The real losers here may be the ISPs (see RBOCs Clear (Another) Regulatory Hurdle). However, the ISPs have not faired well in competition against cable and telco for broadband subs – they control less than a tenth of broadband lines today.

Under the order, the LECs will continue providing ISPs with access to broadband facilities for another year. Also, the telco broadband providers will continue to contribute to universal service funding mechanisms at current rates while the commission works on new regulations specific to that issue.

— Mark Sullivan, Reporter, Light Reading

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OldPOTS
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OldPOTS,
User Rank: Light Beer
12/5/2012 | 3:06:22 AM
re: FCC Zaps Broadband Carriage Regs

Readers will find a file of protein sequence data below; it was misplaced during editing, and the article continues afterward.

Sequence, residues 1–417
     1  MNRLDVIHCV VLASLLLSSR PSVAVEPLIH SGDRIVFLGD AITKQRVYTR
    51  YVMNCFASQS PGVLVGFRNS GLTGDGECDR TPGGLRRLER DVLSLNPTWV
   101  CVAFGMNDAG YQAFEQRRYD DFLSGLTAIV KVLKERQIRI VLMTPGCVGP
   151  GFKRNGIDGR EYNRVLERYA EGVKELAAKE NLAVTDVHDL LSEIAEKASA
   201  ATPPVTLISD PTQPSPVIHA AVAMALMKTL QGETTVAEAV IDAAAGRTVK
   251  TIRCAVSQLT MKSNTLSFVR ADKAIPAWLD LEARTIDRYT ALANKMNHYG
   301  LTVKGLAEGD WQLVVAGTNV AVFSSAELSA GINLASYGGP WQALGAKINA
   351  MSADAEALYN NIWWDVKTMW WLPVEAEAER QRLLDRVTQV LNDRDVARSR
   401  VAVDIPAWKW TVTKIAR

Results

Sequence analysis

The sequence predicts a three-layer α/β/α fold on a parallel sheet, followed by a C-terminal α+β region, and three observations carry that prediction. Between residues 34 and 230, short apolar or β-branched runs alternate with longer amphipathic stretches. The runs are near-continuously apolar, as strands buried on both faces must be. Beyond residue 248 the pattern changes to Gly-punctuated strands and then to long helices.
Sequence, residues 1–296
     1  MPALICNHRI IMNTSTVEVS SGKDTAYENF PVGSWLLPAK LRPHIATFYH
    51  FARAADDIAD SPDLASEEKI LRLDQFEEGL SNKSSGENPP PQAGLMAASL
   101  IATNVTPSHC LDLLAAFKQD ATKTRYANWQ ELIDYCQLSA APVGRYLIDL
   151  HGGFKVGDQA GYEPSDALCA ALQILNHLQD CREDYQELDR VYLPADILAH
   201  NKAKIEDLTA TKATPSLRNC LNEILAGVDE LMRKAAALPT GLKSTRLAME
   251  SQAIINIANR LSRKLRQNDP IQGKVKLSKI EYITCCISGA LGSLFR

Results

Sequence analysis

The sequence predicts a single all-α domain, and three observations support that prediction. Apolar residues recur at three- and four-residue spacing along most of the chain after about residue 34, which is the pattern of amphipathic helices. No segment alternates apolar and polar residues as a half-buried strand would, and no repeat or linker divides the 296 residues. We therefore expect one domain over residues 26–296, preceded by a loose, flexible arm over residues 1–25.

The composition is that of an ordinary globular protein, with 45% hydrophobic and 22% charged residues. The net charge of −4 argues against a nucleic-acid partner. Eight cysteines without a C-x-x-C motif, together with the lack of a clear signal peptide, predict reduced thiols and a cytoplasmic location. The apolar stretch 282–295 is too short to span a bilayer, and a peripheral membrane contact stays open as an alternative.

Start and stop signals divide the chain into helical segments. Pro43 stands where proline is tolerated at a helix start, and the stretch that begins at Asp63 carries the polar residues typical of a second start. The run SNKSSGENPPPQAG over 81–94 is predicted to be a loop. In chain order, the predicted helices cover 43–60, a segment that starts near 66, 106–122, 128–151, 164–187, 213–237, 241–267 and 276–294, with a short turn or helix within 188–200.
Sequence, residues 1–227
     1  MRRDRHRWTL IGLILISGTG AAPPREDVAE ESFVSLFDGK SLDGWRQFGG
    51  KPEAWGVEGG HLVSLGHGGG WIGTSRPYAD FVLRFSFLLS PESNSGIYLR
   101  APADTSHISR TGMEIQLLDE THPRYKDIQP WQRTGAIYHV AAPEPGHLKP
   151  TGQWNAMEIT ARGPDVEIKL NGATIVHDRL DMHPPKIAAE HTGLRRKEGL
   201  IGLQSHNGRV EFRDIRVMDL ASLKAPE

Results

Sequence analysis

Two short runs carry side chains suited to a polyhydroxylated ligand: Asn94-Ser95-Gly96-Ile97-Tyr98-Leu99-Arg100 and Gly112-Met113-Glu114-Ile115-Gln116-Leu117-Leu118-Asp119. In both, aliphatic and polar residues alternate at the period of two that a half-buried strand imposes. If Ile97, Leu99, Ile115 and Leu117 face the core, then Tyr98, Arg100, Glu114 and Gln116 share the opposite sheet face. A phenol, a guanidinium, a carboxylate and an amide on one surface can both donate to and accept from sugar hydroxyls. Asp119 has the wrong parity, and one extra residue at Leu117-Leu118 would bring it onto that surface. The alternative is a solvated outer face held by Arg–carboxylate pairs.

Looks like the Telcos and Cabelcos had the FCC lock out other competition. Now for the RBOC slow roll, since they were not forced to make a commitment. And since they hope to cherry pick those served.

Freezing out the municipalities ("information services") is next. rjm?

OldPOTS
palaeozoic
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palaeozoic,
User Rank: Light Beer
12/5/2012 | 3:06:22 AM
re: FCC Zaps Broadband Carriage Regs

The only true competition faced by the telcos is, in fact, the cable guys. And vice versa. CLECs and ISPs availing themselves of unbundled loops was never a form of competition; rather it was legislative boneheadedness.